The books of Kings and Chronicles give a lot of history about the people who ruled Israel and Judah some thousand years before Christ.  Some of the movers and shakers of the day were great kings and some were rotten to the core Kings.  Some ruled for forty years, others came and went more quickly.  One ruler was a rather nasty guy named Jehoram.  He only ruled over Jerusalem about eight years, but no one was sad to see him go.  In fact, the Bible states, “He passed away, to no one’s regret.”

It’s a striking phrase and one that gave me pause.  What a thought!  Here was this guy, Jehoram, son of Jehoshaphat.  As soon as his father was laid to rest, he became king because he was the first-born son.  That was common in those days.  What wasn’t common is that when Jehoram took the throne, he took a sword to the rest of his brothers and any of his competitors in Israel.  He was a no-goodnick, but God wouldn’t destroy him because of his covenant with the house of David, that someone from his line would always be on the throne.

One day, Jehoram got a letter in the mail from a rather renowned prophet named Elijah.  The letter reprimanded Jeho for not walking in the ways of God and for murdering his own brothers who were all better guys than he was.  The letter went on to say that Jeho would be running to the bathroom for the rest of his life because he was about to have a disease that would keep him tied to the “throne” in a different way.  Turns out he got the runs permanently, was ultimately overrun, and his family was destroyed except for one son.  He died and nobody cared.  No one regretted his passing.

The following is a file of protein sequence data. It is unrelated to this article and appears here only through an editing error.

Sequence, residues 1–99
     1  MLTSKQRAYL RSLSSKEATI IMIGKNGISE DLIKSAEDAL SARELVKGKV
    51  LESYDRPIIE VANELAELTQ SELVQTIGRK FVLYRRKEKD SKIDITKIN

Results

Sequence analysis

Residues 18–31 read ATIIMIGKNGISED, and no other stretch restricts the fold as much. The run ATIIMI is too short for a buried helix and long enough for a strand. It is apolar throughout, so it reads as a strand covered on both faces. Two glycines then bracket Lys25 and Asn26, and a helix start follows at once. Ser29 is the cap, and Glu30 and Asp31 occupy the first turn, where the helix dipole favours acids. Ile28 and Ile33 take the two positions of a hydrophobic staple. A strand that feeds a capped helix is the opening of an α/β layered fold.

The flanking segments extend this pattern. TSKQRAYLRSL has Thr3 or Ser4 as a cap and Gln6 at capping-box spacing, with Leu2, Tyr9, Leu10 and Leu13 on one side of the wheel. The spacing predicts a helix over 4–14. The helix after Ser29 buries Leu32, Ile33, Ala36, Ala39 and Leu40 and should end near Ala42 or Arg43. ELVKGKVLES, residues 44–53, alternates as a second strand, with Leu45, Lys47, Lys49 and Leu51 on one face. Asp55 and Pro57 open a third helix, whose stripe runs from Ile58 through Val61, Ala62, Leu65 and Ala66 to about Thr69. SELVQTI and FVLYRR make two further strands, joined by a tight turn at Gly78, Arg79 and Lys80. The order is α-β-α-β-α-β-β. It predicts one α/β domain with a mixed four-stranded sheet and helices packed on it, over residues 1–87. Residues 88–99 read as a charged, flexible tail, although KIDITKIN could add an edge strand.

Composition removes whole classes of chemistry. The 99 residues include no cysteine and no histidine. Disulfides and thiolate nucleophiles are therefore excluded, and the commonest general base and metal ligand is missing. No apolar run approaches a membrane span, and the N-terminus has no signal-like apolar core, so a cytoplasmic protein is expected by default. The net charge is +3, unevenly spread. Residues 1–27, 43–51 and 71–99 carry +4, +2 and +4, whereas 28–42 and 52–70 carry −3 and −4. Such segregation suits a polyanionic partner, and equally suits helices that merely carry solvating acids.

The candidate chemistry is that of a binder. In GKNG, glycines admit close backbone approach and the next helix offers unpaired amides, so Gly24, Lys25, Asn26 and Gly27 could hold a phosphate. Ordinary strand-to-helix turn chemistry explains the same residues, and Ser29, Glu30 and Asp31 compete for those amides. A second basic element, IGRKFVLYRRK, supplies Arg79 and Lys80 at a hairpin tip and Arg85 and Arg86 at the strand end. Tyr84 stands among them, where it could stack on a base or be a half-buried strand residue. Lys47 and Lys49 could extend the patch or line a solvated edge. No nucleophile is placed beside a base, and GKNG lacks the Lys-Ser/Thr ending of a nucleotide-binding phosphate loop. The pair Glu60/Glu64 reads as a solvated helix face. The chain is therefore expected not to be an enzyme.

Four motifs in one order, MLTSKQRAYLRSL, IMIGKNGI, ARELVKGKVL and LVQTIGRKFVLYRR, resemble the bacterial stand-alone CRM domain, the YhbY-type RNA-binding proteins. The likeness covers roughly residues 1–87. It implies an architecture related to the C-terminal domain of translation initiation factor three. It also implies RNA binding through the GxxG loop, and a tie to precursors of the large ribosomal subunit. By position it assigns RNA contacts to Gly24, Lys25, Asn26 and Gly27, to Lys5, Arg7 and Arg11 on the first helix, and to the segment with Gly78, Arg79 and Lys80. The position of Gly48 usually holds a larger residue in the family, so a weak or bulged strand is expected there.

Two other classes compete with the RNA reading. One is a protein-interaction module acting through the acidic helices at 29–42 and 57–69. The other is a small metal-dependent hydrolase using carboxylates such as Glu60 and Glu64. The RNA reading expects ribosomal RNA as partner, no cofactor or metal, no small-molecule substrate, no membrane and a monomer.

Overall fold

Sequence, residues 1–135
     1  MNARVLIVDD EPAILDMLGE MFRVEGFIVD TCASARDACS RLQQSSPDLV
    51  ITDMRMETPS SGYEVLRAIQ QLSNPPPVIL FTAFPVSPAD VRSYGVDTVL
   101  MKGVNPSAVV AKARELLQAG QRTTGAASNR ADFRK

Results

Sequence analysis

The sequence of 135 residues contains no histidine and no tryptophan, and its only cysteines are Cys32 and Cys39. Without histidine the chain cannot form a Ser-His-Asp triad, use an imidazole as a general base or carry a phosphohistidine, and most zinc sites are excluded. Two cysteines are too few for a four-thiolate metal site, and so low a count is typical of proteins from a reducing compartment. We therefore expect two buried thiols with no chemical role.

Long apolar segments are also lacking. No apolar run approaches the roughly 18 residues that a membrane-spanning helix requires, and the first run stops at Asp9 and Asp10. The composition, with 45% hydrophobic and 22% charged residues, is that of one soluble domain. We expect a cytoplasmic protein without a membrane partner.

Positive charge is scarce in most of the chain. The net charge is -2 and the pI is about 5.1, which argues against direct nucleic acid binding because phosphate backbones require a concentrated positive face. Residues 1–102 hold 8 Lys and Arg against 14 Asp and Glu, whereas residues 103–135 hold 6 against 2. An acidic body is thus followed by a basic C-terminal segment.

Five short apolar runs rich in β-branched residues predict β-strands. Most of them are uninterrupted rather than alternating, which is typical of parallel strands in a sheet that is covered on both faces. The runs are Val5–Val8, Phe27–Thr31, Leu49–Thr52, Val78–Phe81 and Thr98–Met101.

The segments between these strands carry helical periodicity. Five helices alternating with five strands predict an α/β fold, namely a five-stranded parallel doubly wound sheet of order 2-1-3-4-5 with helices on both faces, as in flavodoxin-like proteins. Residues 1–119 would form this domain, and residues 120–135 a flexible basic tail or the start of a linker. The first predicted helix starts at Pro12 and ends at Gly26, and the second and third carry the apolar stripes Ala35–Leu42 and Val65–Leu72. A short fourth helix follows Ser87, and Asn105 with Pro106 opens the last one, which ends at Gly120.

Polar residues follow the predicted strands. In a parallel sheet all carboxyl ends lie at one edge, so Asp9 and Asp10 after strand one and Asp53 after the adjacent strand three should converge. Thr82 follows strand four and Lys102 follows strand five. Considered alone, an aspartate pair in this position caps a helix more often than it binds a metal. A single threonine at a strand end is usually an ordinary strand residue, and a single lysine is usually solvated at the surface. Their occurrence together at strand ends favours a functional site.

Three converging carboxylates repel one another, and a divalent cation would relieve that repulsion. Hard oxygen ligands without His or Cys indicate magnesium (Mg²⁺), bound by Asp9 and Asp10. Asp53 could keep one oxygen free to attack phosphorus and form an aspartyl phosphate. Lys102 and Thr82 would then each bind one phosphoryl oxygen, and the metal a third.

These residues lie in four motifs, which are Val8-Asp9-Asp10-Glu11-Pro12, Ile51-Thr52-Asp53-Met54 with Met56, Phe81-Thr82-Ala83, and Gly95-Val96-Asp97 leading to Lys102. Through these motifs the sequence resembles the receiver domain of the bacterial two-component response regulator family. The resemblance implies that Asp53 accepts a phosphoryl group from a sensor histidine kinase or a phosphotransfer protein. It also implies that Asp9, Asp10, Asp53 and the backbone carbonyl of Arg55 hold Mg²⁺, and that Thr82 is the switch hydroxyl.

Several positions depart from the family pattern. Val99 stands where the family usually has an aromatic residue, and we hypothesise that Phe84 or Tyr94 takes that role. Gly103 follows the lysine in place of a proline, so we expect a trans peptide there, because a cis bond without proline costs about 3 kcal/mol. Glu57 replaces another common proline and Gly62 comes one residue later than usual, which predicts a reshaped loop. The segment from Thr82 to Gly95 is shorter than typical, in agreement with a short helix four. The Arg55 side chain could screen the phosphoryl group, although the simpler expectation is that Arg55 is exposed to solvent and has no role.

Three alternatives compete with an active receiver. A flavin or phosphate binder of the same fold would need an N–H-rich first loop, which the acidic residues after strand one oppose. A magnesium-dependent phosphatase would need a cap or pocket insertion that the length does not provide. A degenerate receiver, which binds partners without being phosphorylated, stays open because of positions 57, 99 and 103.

Now you may wonder if any of this applies to us.  After all, none of us have killed off our families for fame and fortune.  None of us have been afflicted with a terrible disease because we made God mad.  So what’s the lesson?

For me, the lesson is in the line that “He passed away, to no one’s regret.”  Personally, on the day I file my flight plan to take the red eye to heaven, I want more than anything for a few people to be a little sad that I’ll be leaving.  In fact, I hope that I’ll have lived a life worthy of mourning.  I’ll hope I did enough good to affect the lives of those around me.  It may be selfish, but the truth is, I want a few people to regret that I’m gone.  I can only imagine that most of us would hope for that.  So, poor Jehoram!  His pitiful existence is only recorded because he was a link in the chain of David’s line. Otherwise, we wouldn’t have known about him.  Nor would we want to.

Life is fleeting and we’re working hard to make our days count.  Let’s live each one so that even angels will turn a little blue when they won’t be able to watch over us a while longer.  Let’s live so that we matter to everyone and when we pass on to glory, it will be a celebration of great joy.   Let’s live and love with gusto!

  1. Priscilla Newman says:

    Hi Karen,
    That is the same way I feel. I hope the ones I leave behind are alittle sad when I go.Life is so short. I love your inspirational acticles. See you soon.

    Love you,

    • Karen says:

      Hi Priscilla.
      I’m reading a lot of Old Testament these days as I write some pieces for a children’s bible. It’s been interesting to look at some of these old stories that always seem to have a shred of some kind of reality within them.

      I wrote something today for the ceremony for Doug and Tracey. I hope they will like it. Let me know if you need anything. Blessings and Love, Karen

  2. Priscilla Newman says:

    Thanks for getting back to me. I think your children’s bible should be really great.Everything seems to be coming together nicely for the wedding.That was nice of you to do that for them.Talk to you soon.


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